Tygart says it does not undermine the IOC's stance on anti-doping
US Anti-Doping Agency has welcomed a CAS ruling allowing athletes who have served a suspension for doping to participate in the Olympic Games, on the basis that the rules now fall in line with the WADA code. The ruling contradicts the IOC's stance as well as that of the British Olympic Association (BOA), who previously banned all sanctioned athletes from ever competing in the Games.
Travis Tygart, CEO of the US Anti-Doping Agency, spoke at a recent anti-doping symposium in London, organised by the Times. With the CAS ruling just days away he stated that the event would be a pivotal moment in the fight against doping, and one would stretch the robustness of the WADA anti-doping code.
"I think this is the principled outcome for signatories to the WADA Code, so obviously we support it from that perspective," Tygart said after the CAS ruling.
"The ruling does not undermine the IOC's strong stance on anti-doping and their commitment to protecting clean athletes. They took the courageous step in the late 90s to externalize and make independent their overall program, and this CAS ruling is further confirmation that having an independent program and implementing the WADA Code helps create harmonization across the world, and ensures that all athletes in all sports are treated fairly and equally."
The CAS ruling now means that the IOC must lobby WADA in order to push towards a ban an outright ban of sanctioned athletes. The IOC had been pushing for a two-Olympiad ban, with no review hearing if athletes received a doping violation six months before the London Olympic Games.
While Tygart would prefer an outright Olympic ban for the most serious doping violations, he stressed that unity between WADA and it's national federations was paramount.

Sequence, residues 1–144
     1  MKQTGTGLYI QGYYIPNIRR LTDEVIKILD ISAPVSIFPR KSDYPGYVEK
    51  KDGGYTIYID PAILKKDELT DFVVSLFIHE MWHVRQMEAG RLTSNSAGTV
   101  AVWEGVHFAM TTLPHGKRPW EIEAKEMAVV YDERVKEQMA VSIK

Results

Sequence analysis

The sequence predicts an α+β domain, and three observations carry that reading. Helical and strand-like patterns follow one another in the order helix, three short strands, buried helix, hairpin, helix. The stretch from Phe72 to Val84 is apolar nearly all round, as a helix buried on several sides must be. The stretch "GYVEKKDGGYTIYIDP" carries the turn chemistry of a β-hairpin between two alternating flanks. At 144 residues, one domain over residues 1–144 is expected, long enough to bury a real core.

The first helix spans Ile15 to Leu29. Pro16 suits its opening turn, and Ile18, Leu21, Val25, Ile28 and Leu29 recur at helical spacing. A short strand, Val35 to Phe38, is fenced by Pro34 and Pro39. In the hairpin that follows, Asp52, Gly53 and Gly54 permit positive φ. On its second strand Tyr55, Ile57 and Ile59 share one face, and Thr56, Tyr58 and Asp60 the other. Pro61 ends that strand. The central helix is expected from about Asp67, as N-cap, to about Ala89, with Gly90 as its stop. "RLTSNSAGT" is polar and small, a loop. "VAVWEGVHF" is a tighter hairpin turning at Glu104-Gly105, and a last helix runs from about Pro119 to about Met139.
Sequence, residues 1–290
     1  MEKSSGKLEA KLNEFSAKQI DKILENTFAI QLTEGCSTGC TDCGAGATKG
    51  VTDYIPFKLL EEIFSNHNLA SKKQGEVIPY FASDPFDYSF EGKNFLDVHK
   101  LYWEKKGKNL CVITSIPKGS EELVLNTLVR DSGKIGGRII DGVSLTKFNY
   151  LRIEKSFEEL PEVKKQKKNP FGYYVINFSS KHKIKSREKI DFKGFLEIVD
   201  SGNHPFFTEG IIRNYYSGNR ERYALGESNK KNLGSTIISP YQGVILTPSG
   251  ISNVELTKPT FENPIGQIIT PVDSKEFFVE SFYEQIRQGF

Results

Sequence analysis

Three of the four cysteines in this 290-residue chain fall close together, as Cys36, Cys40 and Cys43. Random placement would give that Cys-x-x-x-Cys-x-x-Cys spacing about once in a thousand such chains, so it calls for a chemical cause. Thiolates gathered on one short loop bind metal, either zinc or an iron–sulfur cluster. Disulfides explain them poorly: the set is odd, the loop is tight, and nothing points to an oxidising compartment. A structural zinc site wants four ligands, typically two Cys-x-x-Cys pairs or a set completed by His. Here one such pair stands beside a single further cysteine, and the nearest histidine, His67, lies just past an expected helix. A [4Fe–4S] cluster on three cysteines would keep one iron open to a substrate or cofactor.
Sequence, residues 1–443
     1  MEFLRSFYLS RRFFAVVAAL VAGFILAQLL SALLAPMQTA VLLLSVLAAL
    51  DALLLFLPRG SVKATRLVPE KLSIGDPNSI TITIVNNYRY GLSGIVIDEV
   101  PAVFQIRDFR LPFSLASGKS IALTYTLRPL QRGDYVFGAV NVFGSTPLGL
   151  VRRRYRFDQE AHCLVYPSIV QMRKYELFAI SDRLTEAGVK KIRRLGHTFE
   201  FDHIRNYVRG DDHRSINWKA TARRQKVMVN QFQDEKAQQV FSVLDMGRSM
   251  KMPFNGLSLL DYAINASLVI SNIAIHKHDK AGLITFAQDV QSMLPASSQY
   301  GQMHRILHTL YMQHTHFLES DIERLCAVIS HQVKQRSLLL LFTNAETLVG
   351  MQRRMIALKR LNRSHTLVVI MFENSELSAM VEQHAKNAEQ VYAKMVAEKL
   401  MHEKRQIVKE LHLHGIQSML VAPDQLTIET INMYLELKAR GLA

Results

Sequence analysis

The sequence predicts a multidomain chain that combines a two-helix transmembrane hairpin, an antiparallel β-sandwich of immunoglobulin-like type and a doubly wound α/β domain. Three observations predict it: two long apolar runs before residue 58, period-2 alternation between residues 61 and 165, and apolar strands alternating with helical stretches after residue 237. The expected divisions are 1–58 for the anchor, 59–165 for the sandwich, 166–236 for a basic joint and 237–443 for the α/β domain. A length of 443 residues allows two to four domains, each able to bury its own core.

"In egregious doping cases, we support athletes and athlete support personnel being prohibited from participating in any future Olympic Games, but that is a rule that would need to be implemented through the agreed upon process of the WADA Code review, so that it's unified across the world and so that each case has an individualized review to make sure it's the appropriate sanction."
Tygart also noted that the IOC's position had weakened the fight against doping in an indirect manner. According to the USADA head the threat of a permanent from Olympic competition had stifled athletes from coming forward to either confess or implicate others. With testing always in a dog fight against the sophisticated cheat, information has and will be one of the most important tools used by the likes of USADA.
"There have been unintended consequences of the IOC rule. Firstly it undercuts the applicable sanctions put in place so you see panels from around the world giving athletes less than what they otherwise should get because they're intentional reducing them to get under the IOC rule.
"Secondly there has been a chilling effect on those willing to come forward, whistleblowers, those to who provide information on those higher up in the chain and involved in distribution. I think at the end of the day there has have been unintended consequences to the rule that nobody could have foreseen. The rule has actually watered down and harmed the anti-doping effort."
We know that some athletes in the most sophisticated doping programs lie in an attempt to avoid consequences, but for other athletes that may have come forward and acknowledged their mistakes, this automatic ban, discouraged them from being honest. The ban had a chilling effect and stopped those people from coming forward when they otherwise might have.
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